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Have power to utter, O. then we bring forth weeds,
Let him appear. These strong Egyptian fetters I must break,
120 Or lose myself in dotage.
Enter another Messenger.
What are you? Sec. Mess. Fulvia thy wife is dead. Ant.
Where died she? Sec. Mess In Sicyon: Her length of sickness, with what else more serious Importeth thee to know, this bears. [Gives a letter. Ant.
[Exit Sec. Messenger. There's a great spirit gone! Thus did I desire it: What our contempt doth often hurl from us, We wish it ours again; the present pleasure, By revolution lowering, does become The opposite of itself: she's good, being gone:
Eno. Why, then, we kill all our women: we see how mortal an unkindness is to them; if they suffer our departure, death's the word. Ant. I must be gone.
140 Eno. Under a compelling occasion, let women die: it were pity to cast them away for nothing; though, between them and a great cause, they should be esteemed nothing. Cleopatra, catching but the least noise of this, dies instant. ly; I have seen her die twenty times upon far poorer moment: I do think there is mettle in death, which com. mits some loving act upon her, she hath such a celerity in dying. Ant. She is cunning past man's thought.
150 Eno. Alack, sir, no; ber passions are made of nothing
but the finest part of pure love: we cannot call her winds and waters sighs and tears; they are greater storms and tempests than almapacs can report: this cannot be cunning in her; if it be, she makes a shower of rain as well as Jore.
Ant. Would I had never seen her! Eno. 0, sir, you had then left unseen a wonderful pieco of work; which not to have been blest withal would have discredited your travel.
Ant. Fulvia is dead.
Eno. Why, sir, give the gods a thankful sacrifice. When it pleaseth their deities to take the wife of a man from liim, it shows to man the tailors of the earth; comforting therein, that when old robes are worn out, there are members to make new. If there were no more women but Fulvia, . then had you indeed a cut, and the case to be lamented: this grief is crowned with consolation; your old smock brings forth a new petticoat: and indeed the tears live in an onion that should water this sorrow.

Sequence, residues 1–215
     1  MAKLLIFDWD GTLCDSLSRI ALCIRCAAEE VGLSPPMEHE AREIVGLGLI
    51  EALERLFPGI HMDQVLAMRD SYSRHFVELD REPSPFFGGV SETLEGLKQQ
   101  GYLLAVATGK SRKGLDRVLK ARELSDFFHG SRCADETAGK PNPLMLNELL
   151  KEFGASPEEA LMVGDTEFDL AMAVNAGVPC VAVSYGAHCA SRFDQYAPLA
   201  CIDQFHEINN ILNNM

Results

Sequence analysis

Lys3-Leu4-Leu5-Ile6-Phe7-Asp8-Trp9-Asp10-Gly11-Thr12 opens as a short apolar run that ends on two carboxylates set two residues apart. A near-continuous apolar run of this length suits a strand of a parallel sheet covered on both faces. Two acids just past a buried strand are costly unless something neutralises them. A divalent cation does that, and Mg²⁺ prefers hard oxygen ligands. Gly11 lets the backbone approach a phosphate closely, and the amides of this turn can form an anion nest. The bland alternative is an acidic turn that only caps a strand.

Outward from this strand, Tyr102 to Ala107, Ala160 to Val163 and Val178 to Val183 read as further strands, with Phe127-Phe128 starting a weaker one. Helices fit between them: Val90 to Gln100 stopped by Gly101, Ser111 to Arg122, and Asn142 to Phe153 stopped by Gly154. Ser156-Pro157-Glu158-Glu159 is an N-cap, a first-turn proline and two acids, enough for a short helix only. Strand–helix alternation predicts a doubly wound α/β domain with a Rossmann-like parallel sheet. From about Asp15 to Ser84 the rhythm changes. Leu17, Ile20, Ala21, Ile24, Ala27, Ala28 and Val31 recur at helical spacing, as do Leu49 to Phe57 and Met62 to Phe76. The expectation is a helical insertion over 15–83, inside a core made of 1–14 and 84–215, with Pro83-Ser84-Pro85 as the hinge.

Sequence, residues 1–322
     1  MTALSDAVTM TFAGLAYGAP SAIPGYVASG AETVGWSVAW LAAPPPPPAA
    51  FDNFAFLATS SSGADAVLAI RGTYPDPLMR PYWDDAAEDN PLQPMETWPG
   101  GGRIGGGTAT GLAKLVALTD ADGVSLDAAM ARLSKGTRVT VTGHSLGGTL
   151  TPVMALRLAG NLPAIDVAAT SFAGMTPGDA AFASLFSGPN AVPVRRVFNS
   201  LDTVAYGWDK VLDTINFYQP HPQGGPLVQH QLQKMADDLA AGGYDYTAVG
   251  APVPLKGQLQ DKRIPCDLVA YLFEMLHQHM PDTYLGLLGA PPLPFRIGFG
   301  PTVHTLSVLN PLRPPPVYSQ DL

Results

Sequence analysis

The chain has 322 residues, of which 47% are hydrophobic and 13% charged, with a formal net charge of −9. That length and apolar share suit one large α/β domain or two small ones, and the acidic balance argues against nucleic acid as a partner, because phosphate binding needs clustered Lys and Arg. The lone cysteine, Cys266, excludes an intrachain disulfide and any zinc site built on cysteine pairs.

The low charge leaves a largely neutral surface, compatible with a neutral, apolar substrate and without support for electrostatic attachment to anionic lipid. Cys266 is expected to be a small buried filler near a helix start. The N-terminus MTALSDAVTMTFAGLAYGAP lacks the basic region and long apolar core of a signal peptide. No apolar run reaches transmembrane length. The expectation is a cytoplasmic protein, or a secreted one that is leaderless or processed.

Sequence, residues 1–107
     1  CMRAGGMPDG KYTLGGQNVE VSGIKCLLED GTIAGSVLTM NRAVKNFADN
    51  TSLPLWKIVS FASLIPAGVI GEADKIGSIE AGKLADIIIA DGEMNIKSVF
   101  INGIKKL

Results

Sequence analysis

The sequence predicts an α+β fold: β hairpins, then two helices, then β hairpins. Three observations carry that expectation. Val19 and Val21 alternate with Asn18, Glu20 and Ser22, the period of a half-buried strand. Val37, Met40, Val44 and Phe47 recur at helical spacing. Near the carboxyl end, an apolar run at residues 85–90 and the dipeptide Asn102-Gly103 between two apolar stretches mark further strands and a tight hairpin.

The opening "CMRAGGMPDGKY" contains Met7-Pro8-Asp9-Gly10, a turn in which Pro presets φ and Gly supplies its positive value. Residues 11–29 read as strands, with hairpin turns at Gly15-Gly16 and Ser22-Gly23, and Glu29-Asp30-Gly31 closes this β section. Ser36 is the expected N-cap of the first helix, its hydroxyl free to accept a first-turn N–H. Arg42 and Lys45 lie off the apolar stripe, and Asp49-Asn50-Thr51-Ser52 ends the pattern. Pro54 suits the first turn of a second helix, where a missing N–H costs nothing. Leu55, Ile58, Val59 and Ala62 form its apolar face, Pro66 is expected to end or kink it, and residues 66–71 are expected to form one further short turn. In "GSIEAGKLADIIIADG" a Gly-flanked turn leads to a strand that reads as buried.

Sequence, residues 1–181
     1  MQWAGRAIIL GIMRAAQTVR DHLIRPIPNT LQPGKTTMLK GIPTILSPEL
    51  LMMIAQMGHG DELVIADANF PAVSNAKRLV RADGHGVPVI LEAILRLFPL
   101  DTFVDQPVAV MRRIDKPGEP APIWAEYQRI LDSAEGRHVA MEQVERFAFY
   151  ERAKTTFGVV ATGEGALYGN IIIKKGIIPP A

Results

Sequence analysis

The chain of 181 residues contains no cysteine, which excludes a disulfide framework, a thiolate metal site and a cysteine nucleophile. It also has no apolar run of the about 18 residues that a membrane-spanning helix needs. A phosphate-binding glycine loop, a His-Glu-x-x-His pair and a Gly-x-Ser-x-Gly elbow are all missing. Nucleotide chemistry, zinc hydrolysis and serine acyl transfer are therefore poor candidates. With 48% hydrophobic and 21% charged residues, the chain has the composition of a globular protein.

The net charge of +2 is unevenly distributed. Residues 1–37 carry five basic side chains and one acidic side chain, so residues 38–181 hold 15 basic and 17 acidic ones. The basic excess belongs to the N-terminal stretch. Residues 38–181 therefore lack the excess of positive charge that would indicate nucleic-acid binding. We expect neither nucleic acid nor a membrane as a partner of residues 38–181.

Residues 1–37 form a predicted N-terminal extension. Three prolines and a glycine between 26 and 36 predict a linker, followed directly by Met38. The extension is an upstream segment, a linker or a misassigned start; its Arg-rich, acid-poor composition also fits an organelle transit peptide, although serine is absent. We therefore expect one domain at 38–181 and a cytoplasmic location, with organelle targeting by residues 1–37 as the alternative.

Ant. The business she hath broached in the state Cannot endure my absence.
179 Eno. And the business you have broached here cannot be without you; especially that of Cleopatra's, which wholly depends on your abode.
Ant. No more light answers. Let our officers
Our quick remove from hence.
Eno. I shall do't.
The same. Another room.
I did not see him since.
Char. Madam, methinks, if you did love him dearly,
What should I do, I do not?
Char. Tempt him not so too far; I wish, forbear:
'I am sick and sullen.
Cleo. Help me away, dear Charmian; I shall fall:
Now, my dearest queen,-
What's the matter?: Cleo. I know, by that same eye, there's some good news. What says the married woman? You may go:
Ant. The gods best know,-
0, never was there queen
30 Which break themselves in swearing!
Most sweet queen,-
How now, lady!
Hear me, queen:
Cleo. Though age from folly could not give me freedom,
Ant. She's dead, my queen:
O most false love!
Ant. Quarrel no more, but be prepared to know
Cut my lace. Charmian, come;
My precious queen, forbear;
So Fulvia told me.
You'll heat my blood: no more. 80
And target. Still he mends;
Ant. I'll leave you, lady.
Courteous lord, one word.
90 And I am all forgotten. Ant.
But that your royalty
'Tis sweating labour
100 Be strew'd before your feet! Ant.
Let us go. Come;
SCENE IV. Rome. Cæsar's house. Enter Octavius CÆSAR, readiny a letter, LEPIDUS, and
their Train. Cæs You may see, Lepidus, and henceforth know, It is not Carsar's natural vice to hato